Fletcher McClellan, PennLive, November 6, 2017
A wealthy coastal region, rich in diversity, is threatened economically and culturally by the state of which it is a part and decides to secede. The central government must determine whether to intervene with force or negotiate with the separatists.
Catalonia and Spain 2017?
How about California and the US 2019?
The Catalan crisis, Scotland in 2014, the Brexit movement in the United Kingdom, and the current struggle in Kurdistan are only the most recent examples of what scholar Ryan Griffiths calls the “age of secession.”
Reflecting an international culture shift toward greater national self-determination, dozens of secessionist crusades have materialized around the world this decade, Griffiths observed.
Secession fever is no stranger to California, where proposals to divide the state into different regions appear frequently. For example, Northern and Southern California have a history of cultural and economic conflict, dramatized in the 1974 film Chinatown, which centered on L.A.’s theft of water from the North.
The difference now is that a movement is afoot to separate California from the United States. This summer the state’s attorney general gave permission to so-called CalExit groups to petition for a November 2018 ballot question on secession. If approved, a statewide independence referendum would be held in spring 2019.
Public support for California secession rose after the election of President Trump. Nearly one-half of those polled earlier this year said they would vote for or consider independence.
Similar to Catalan secessionist claims, part of CalExit’s rationale is the state’s economic dominance. It ranks as the sixth largest economy in the world. Its status as a global trading power, spearheaded by Silicon Valley, could be threatened by Trumpist protectionist policies.
Culturally, California is a majority-minority state, opposed to the aggressive activities of Immigration and Customs Enforcement agents under Trump. Recent legislation signed by Democratic Governor Jerry Brown to declare California a “sanctuary state” is a direct challenge to federal authority, as noted recently by former White House advisor Stephen Bannon.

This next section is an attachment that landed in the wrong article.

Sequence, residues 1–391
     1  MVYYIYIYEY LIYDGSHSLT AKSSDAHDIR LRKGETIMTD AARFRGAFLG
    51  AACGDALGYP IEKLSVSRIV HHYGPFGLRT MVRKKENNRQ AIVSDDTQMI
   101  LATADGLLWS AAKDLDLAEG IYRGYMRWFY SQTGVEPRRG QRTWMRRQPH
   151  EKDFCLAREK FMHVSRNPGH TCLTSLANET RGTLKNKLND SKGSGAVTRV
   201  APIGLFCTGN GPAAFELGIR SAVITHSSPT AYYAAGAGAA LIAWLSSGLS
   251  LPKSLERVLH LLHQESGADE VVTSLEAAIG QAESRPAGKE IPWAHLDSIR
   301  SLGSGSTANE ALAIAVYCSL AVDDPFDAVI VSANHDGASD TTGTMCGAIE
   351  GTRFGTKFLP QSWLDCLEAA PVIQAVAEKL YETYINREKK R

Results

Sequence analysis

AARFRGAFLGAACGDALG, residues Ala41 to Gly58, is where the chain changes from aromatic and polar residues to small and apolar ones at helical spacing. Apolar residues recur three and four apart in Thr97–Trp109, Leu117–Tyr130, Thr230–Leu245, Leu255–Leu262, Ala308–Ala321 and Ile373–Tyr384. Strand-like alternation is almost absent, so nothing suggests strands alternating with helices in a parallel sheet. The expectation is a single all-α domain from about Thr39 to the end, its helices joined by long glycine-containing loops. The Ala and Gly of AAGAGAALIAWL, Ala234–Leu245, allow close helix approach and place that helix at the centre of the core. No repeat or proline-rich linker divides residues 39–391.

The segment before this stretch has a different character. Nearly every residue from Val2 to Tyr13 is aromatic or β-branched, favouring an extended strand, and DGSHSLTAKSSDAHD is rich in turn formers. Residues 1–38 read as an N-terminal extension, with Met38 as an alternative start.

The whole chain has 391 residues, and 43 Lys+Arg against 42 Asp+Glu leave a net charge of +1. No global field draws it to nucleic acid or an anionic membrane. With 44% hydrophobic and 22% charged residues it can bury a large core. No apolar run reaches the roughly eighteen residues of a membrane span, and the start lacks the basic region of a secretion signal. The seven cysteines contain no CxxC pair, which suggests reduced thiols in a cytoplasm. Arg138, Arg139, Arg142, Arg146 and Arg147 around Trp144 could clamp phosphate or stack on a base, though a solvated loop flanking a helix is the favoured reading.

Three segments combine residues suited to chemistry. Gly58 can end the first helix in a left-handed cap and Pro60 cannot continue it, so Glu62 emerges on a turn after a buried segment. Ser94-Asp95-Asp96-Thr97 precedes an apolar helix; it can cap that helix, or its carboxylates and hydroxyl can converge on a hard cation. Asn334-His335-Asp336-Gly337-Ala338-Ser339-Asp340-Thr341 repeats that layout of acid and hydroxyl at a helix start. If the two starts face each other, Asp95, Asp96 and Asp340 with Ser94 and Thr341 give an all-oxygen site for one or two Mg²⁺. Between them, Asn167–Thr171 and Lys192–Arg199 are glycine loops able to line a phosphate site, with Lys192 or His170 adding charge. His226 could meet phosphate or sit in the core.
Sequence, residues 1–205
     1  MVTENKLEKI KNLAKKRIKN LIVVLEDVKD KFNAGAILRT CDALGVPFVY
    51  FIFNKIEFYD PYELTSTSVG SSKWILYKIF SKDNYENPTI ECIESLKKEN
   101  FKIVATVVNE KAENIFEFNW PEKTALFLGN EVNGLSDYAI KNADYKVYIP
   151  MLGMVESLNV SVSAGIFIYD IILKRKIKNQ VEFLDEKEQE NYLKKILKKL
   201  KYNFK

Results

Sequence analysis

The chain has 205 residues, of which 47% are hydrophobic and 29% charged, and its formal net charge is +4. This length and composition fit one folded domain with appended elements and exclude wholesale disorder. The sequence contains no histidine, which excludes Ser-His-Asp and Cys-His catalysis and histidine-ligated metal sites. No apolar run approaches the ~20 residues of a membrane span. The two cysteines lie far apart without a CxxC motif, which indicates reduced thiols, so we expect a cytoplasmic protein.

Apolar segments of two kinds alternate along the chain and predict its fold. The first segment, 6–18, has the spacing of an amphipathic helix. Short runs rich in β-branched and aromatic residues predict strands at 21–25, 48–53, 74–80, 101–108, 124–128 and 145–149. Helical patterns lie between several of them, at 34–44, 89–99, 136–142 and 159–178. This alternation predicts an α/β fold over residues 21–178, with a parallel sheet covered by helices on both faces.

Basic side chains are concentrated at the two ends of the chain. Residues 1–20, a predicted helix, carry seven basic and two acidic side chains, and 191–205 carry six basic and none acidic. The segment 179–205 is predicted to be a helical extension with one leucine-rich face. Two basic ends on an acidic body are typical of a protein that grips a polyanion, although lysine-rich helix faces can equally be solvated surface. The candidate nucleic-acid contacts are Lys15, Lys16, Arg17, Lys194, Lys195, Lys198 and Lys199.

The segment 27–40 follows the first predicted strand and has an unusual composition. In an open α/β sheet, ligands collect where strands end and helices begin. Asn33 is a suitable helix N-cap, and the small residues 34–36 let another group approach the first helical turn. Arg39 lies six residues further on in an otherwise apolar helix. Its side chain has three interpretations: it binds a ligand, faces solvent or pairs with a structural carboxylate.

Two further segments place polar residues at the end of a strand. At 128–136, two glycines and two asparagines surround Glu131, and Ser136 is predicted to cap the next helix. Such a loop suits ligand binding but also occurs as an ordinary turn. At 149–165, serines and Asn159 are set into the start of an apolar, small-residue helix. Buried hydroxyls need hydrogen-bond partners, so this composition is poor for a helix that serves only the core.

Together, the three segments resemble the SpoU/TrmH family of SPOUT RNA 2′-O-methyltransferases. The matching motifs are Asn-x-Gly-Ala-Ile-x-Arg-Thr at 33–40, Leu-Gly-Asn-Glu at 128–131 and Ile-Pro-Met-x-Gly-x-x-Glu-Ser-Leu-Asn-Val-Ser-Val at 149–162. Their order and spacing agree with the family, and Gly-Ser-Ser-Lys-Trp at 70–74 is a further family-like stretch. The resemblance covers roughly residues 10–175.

In a speech last month to California Republicans, Bannon warned that the secessionist movement was real. Though Bannon urged the group to resist, one wonders how concerned he would be if 55 electoral votes, locked up indefinitely for Democratic presidential candidates, disappeared from American politics.
As long as the GOP controls the White House and Congress, the CalExit movement is likely to grow. State officials have already confronted Trump administration decisions on DACA, the border wall, repeal of Obamacare, the travel ban, and climate change.
Given the rising degree of political polarization in the US, amplified not only by echo chamber media but also by social sorting and a growing sense of partisan identity, it is not hard to imagine the CalExit crusade catching on in Blue America, frustrated by the Electoral College and Republican gerrymandering, court-packing, and voter suppression efforts.
Similarly, if a Democratic majority gained control of Washington, acting on a program of multiculturalism and economic redistribution, what would stop Red States from following California’s example?
In the age of secession, how much would citizens sacrifice to keep the United States unoted?